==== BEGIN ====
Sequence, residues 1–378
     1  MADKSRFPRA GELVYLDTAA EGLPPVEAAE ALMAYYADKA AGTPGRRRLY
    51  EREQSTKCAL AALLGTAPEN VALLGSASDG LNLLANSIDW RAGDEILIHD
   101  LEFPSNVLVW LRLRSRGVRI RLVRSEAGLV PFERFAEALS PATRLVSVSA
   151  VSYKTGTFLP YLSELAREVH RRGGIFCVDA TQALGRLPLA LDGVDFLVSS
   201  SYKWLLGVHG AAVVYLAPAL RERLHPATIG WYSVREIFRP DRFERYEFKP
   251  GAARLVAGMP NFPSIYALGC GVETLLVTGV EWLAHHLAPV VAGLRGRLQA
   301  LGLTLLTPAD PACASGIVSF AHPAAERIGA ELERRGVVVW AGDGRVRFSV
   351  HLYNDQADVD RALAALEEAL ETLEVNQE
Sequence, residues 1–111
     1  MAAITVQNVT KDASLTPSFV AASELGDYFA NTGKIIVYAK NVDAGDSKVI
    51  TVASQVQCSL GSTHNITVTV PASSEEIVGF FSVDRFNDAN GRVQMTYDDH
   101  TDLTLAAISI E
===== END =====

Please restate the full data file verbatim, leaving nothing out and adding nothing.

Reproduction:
Sequence, residues 1–378
     1  MADKSRFPRA GELVYLDTAA EGLPPVEAAE ALMAYYADKA AGTPGRRRLY
    51  EREQSTKCAL AALLGTAPEN VALLGSASDG LNLLANSIDW RAGDEILIHD
   101  LEFPSNVLVW LRLRSRGVRI RLVRSEAGLV PFERFAEALS PATRLVSVSA
   151  VSYKTGTFLP YLSELAREVH RRGGIFCVDA TQALGRLPLA LDGVDFLVSS
   201  SYKWLLGVHG AAVVYLAPAL RERLHPATIG WYSVREIFRP DRFERYEFKP
   251  GAARLVAGMP NFPSIYALGC GVETLLVTGV EWLAHHLAPV VAGLRGRLQA
   301  LGLTLLTPAD PACASGIVSF AHPAAERIGA ELERRGVVVW AGDGRVRFSV
   351  HLYNDQADVD RALAALEEAL ETLEVNQE
Sequence, residues 1–111
     1  MAAITVQNVT KDASLTPSFV AASELGDYFA NTGKIIVYAK NVDAGDSKVI
    51  TVASQVQCSL GSTHNITVTV PASSEEIVGF FSVDRFNDAN GRVQMTYDDH
   101  TDLTLAAISI E